The nation’s food manufacturers are not in danger of running out of sugar despite their claims to the contrary, the American Sugar Alliance said in a letter to Agriculture Secretary Tom Vilsack Monday.
The Alliance said that rather than bring in supplies of raw sugar that were needed by food processors, allowing increased foreign sugar imports would oversupply the U.S. sugar market, harm struggling U.S. sugar producers and be costly to American taxpayers.
“Any action to increase supplies is not only unnecessary but could be costly,” Alliance officials wrote Vilsack. “Unnecessary because U.S. supplies are more than adequate; potentially costly to taxpayers because any downward pressure on sugar prices could result in commodity loan forfeitures.”
The letter said raw and refined sugar prices have been falling, an indicator of an oversupplied, not undersupplied, market. And, any projections of tightening market conditions more than a year from now are far too preliminary to warrant an impulsive import increase.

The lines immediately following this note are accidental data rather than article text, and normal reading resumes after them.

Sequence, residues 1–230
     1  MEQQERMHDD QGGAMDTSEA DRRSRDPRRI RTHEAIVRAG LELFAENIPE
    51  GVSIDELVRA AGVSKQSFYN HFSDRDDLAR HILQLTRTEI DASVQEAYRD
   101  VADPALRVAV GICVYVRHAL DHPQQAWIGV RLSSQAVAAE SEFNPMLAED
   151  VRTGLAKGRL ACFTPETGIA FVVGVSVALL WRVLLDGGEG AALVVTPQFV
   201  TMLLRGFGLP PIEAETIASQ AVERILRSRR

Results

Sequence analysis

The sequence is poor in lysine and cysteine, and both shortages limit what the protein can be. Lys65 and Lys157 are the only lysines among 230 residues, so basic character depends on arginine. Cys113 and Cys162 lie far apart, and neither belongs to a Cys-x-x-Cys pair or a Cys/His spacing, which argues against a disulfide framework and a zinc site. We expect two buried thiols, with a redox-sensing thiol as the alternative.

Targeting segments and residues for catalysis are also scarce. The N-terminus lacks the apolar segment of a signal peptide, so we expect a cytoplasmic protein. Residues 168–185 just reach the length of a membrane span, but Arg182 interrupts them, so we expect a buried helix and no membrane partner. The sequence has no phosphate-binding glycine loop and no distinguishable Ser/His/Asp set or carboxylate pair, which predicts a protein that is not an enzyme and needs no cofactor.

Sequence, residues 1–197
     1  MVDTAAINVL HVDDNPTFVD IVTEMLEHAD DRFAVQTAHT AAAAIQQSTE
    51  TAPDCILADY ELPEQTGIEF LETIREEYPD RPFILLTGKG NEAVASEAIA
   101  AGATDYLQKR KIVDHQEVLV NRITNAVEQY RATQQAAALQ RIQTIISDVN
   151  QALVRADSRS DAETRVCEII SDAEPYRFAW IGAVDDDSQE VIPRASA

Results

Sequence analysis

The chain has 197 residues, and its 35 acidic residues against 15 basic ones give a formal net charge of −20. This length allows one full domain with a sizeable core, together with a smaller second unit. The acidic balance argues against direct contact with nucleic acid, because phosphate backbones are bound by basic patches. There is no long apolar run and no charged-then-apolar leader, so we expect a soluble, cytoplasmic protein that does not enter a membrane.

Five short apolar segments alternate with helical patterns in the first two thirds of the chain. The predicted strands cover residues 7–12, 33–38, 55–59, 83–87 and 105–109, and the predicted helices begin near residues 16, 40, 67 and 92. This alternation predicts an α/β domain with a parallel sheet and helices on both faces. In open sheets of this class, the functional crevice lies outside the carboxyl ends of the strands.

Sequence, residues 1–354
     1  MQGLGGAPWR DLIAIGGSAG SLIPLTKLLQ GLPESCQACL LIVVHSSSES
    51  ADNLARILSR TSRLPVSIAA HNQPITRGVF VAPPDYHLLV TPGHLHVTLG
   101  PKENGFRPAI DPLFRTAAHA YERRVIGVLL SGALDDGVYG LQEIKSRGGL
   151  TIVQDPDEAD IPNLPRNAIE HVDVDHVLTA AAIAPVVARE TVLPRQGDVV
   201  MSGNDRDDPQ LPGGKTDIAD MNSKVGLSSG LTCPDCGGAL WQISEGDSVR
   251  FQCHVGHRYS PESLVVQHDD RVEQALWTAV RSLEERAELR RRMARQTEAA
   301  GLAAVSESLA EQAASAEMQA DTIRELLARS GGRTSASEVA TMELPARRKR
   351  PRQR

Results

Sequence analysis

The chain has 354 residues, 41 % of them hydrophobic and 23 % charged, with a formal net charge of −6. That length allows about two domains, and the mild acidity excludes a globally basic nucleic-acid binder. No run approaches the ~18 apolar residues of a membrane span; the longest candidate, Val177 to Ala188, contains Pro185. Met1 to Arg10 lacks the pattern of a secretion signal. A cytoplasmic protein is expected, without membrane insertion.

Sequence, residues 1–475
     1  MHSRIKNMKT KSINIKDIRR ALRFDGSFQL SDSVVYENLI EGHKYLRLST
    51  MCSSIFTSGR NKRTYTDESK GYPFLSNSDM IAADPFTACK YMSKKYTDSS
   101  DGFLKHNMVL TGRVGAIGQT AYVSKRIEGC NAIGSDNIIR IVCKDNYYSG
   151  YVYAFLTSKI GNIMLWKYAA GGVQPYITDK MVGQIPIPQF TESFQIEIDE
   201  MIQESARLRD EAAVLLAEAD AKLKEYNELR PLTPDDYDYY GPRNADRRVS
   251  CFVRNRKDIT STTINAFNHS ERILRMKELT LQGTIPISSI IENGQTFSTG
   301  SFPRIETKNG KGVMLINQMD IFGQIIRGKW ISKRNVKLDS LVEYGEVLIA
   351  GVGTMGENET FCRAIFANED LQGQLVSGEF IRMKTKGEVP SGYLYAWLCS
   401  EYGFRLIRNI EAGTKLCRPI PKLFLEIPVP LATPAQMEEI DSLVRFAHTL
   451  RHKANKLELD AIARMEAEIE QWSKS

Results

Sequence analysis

Food manufacturers have been lobbying the USDA to allow imports for more than a year. Last September, the companies asked for as much as 1 million tons of additional sugar, according to the Alliance.
USDA denied the request, and the “food manufacturers’ dire market forecast proved to be unfounded as sugar surpluses grew and sugar prices fell,” the Alliance said. “Meanwhile, major food companies increased profits.
“Had USDA enacted the import increase the food manufacturers sought, our market would have been tragically oversupplied; more sugar farmers would be financially stressed; and loan forfeiture costs would be expected to soar.”
Sugar producers thanked USDA officials for their caution in dealing with the sugar market so far and urged government officials to remain cautious in the future, especially with the uncertainty that comes from unlimited quantities of Mexican sugar able to enter the U.S. under NAFTA.
Alliance officials said they would support import increases if an actual shortage occurs. “It is strongly in our interest to see U.S. sugar policy run smoothly and to ensure that all our cane sugar refiners and refined sugar buyers are adequately supplied.”